Title: When We Were Vikings
Author: Andrew David MacDonald
Genre: Literary Fiction
Number of Pages: 336
Zelda, the protagonist of Andrew David MacDonald’s poignant debut novel, is a young woman with Fetal Alcohol Syndrome who’s completely obsessed with Vikings. She lives with her brother Gert, who turned to crime to remove them from an abusive situation in the past and is beginning to fall back on old habits. Zelda has a lot on her mind- trying to get Gert and his ex-girlfriend Annie back together, for one thing, and the prospect of pursuing a physical relationship with her boyfriend Marxy. Zelda lives in a black-and-white world and her innocence and moral compass put her in danger with her brother’s associates.
There was one main problem I had with this book, which is that Zelda didn’t seem developmentally disabled to me. The way she retained information and her vocabulary felt WAY too strong and I felt like the author should have put her on the autism spectrum. I liked that this novel handled sexual feelings and behavior with mentally disabled people, since that’s a very real part of life that makes some people uncomfortable (often fictional characters with disabilities are desexualized and portrayed as totally ignorant of or uninterested in pursuing relationships- my dad worked at a school for disabled people and that stereotype can’t be further from the truth.)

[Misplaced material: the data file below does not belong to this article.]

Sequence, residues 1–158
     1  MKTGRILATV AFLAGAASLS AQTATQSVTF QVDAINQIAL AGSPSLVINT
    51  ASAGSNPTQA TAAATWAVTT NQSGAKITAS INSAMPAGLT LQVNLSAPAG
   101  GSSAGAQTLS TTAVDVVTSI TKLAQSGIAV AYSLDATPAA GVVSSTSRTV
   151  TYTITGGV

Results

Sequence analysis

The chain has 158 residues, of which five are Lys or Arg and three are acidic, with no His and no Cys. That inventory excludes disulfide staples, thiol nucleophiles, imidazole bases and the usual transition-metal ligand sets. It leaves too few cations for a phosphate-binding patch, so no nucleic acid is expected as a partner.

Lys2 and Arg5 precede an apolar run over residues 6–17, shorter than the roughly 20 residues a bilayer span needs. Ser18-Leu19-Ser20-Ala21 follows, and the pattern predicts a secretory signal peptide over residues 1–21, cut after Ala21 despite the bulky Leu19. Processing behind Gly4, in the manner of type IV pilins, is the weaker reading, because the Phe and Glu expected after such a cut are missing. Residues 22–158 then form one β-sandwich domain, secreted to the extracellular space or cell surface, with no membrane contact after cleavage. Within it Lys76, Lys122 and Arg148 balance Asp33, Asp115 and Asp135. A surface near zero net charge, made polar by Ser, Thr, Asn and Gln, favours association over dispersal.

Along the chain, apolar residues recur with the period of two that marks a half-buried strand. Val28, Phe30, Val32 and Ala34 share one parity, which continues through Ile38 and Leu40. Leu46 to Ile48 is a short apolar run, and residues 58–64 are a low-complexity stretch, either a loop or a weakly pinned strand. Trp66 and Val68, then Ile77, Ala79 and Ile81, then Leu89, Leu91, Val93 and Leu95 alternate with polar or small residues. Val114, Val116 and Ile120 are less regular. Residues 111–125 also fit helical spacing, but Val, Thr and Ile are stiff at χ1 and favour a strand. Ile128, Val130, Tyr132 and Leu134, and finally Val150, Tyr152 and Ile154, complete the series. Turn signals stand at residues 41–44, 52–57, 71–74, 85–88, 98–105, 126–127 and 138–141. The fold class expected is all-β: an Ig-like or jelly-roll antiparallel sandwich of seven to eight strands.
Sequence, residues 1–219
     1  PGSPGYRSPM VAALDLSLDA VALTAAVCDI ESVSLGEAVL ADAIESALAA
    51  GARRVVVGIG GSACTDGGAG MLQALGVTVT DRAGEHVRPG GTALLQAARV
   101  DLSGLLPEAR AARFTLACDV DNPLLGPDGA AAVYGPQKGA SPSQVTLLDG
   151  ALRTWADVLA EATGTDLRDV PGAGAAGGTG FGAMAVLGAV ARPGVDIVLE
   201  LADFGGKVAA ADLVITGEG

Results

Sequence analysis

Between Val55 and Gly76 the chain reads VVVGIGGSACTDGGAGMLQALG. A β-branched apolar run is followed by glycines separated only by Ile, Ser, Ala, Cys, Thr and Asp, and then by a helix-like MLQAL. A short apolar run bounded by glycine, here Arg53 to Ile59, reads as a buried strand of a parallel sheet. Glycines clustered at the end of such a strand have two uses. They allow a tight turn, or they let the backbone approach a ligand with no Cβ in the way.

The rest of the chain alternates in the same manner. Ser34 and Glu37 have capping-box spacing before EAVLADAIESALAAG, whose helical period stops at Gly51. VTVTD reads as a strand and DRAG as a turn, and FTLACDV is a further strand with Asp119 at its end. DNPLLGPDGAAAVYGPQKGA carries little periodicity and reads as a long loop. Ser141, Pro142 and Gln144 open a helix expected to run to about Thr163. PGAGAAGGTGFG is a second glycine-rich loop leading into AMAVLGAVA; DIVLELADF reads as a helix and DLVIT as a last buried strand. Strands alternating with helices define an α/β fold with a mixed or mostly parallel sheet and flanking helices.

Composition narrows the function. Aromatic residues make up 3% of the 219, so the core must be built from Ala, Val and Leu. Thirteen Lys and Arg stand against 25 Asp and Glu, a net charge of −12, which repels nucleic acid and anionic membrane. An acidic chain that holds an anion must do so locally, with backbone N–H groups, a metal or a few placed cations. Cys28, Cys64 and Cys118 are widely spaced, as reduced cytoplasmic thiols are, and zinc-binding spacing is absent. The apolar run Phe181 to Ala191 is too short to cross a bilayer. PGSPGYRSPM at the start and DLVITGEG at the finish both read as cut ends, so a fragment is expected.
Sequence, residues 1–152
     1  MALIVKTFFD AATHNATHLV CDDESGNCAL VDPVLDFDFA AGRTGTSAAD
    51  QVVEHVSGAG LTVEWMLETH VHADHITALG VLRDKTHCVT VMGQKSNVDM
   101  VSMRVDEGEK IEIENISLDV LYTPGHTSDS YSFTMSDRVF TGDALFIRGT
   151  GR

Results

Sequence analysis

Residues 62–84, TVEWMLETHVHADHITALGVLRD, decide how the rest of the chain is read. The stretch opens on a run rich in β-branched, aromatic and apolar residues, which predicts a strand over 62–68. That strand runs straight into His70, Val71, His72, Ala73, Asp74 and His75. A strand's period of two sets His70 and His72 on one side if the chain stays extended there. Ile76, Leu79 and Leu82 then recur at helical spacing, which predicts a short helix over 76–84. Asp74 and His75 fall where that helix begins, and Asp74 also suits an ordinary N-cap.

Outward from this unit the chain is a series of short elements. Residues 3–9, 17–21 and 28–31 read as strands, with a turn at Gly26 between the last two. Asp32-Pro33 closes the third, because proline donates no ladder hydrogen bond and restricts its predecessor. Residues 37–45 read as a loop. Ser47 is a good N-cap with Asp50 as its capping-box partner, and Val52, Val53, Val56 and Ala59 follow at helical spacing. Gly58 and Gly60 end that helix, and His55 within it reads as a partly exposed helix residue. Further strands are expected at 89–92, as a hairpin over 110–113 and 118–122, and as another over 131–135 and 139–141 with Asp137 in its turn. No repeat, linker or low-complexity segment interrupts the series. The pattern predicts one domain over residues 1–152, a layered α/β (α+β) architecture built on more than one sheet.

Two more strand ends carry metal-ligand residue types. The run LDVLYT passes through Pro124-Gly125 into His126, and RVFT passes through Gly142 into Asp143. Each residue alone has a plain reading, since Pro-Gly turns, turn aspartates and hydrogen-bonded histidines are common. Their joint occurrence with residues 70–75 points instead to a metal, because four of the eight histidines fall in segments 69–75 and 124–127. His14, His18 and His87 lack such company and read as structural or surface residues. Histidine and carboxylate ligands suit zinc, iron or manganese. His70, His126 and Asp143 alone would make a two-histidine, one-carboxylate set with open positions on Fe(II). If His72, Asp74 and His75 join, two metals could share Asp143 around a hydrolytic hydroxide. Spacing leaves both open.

I did find the relationship a little creepy because Zelda was clearly way more intelligent than Marxy, to the point where them even considering having sex was unsettling. Despite her diagnosis I never really believed Zelda’s disability was intellectual. She was an endearing character with a strong narrative voice, even though her use of platitudes and the heavy-handedness of her Viking obsession got tiresome at times.
Gert was also a good morally ambiguous character and I often had trouble deciding if I liked him or not. Everybody besides Zelda is some flavor of screwed-up or another and their self-absorption and casual violence made Zelda’s kindness particularly stand out. I liked the story despite my issues with it’s plausibility and the storyline moved at a steady pace. It kept me turning pages and it provided the perfect combination of humor and pathos.